It takes a lot of grit for any motorsport club to get off the ground and keep running. In Brandon, Manitoba, the Westman ATV Association is starting to hit its stride. The club was started several years ago and has since become an established group of core members who are pretty dedicated to the pastime. Now, with a new president and some defined goals, Brandon and its surrounding area are about to benefit from some solid positive initiatives in recreational quadding.
Con Huberdeau was appointed president of the Westman ATV Association (WATVA) early in 2013. He has discovered a love for quadding over the last several years and is now excited to help it become increasingly established in his community.
“Our club is really sort of coming of age right now,” said Huberdeau. “Up until now we’ve been just a bunch of guys who get together and ride and I really wanted to see things move towards an official club. We’ve had some really cool things that have happened in the last six months and things are really changing so I think people are pretty happy about that.”
Good thing going on
The WATVA will be broadening its focus to include more than just fun riding, although there will always be plenty of that. Huberdeau mentioned the association's strong emphasis on safety and its desire to become more involved in protecting the area's riding environments. Members would like to be able to develop and maintain a trail network eventually and are currently helping the community become aware of the ATV association.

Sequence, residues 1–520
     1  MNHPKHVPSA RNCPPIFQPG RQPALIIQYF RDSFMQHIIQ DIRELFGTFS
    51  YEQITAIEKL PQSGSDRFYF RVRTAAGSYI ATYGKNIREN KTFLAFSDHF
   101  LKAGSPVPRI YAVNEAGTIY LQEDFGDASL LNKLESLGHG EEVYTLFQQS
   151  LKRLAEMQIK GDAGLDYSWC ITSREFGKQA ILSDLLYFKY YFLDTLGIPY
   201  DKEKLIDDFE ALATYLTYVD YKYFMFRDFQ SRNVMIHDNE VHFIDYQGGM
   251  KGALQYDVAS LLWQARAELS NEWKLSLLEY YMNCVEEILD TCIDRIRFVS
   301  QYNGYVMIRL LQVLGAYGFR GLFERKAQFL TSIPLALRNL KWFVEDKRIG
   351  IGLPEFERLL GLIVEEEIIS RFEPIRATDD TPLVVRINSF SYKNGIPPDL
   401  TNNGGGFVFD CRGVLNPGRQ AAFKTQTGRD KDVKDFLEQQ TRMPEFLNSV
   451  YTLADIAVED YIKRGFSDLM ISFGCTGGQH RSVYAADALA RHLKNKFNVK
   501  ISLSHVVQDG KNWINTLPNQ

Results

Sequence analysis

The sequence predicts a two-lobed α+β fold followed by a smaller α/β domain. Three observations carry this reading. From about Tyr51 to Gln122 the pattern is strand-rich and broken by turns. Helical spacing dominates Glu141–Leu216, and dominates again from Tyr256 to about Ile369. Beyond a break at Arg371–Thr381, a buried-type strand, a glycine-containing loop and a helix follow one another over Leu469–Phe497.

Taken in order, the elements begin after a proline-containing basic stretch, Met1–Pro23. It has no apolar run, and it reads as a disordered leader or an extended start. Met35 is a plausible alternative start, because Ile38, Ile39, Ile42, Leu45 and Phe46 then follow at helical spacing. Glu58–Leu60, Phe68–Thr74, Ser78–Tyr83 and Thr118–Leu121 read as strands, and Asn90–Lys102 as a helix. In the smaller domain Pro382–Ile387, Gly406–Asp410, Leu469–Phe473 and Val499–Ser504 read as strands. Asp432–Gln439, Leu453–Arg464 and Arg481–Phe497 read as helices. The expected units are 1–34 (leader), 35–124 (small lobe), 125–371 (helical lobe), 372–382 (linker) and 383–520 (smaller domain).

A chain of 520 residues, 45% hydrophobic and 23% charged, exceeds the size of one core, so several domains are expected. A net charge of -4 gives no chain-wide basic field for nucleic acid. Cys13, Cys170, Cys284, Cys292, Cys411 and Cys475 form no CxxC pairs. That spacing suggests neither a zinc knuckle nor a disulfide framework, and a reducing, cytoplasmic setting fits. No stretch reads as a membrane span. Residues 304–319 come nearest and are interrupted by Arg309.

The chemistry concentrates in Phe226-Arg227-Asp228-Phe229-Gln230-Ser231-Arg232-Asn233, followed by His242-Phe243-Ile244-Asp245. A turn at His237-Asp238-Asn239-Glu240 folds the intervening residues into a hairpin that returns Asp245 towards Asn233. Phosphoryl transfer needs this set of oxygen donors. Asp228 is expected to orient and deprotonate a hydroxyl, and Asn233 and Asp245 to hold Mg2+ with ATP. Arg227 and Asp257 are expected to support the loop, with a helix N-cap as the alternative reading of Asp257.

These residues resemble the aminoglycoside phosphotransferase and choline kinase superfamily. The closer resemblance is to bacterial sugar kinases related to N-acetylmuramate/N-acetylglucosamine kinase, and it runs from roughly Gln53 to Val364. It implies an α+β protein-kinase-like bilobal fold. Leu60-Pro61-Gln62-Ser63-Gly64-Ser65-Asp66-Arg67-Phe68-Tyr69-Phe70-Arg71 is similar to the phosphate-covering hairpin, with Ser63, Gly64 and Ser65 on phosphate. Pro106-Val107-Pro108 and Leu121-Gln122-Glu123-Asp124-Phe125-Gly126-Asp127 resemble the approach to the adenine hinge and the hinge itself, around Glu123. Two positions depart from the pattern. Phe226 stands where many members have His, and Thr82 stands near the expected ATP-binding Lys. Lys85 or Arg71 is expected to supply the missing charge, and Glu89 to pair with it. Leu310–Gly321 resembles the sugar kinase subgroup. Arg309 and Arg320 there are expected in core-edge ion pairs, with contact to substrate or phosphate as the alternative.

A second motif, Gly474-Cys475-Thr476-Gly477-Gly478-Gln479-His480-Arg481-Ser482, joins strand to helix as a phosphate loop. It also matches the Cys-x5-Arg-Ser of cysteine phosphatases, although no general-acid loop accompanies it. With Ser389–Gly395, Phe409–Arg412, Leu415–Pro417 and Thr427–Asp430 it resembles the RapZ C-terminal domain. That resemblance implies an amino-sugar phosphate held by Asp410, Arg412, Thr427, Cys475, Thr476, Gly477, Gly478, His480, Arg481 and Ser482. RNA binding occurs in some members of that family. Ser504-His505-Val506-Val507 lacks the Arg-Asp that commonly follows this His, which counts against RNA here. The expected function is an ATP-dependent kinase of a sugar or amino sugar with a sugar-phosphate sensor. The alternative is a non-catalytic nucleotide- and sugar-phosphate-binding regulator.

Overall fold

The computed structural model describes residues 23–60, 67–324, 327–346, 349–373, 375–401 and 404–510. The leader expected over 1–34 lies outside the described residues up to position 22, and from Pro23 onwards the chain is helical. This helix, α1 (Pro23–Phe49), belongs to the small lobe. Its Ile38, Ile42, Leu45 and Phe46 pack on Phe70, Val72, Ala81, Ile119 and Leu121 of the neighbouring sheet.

“We’ve actually got some pretty good objectives,” said Huberdeau. “Our main one is to become a credible and contributing member of our society, rather than being those guys who dash out into the wilderness and destroy everything. We are planning some fairly large-scale events and we are getting involved with a local charity here that we’re going to be fundraising for.”
Being in an agricultural area, the Westman ATV Association faces challenges in establishing riding areas. Also, although there are many ATVers in the community, many people haven’t realized the recreational potential of the machines. Indeed, Manitoba has considerably more registered ATVs than it does snowmobiles. The WATVA is hoping to be able to reach a wider base through promoting riding for families and others that could be interested. It has also purchased an aluminum ATV trailer that is now available to members.
Holding events is another advantage that ATV clubs can offer. Huberdeau pointed out that derbies and mud bogs are kind of a big deal in Manitoba. As a club, the WATVA will often travel far afield to attend great events hosted by other quad groups. Members are especially excited, however, about a growing event that will be hosted in a local campground for the first time in September this year.
“We build a mud pit that’s almost a motocross-style obstacle course with little jumps and logs to climb over,” said Huberdeau. “It’s kind of a race event and it’s tons of fun. We probably drew close to 500 people to our small event last year and this year we’re really going to push it. The quadding community in Manitoba—they really love their mud (laughs). We had a huge presence—lots of money, lots of big tires, lots of ego—and that’s what people want to see. It was very entertaining.”
All the excitement aside, Huberdeau says that quadders are the best group of people. His ATVing community literally rides throughout the year. Overall, he is glad to be working with a great group of people promoting a sport he loves.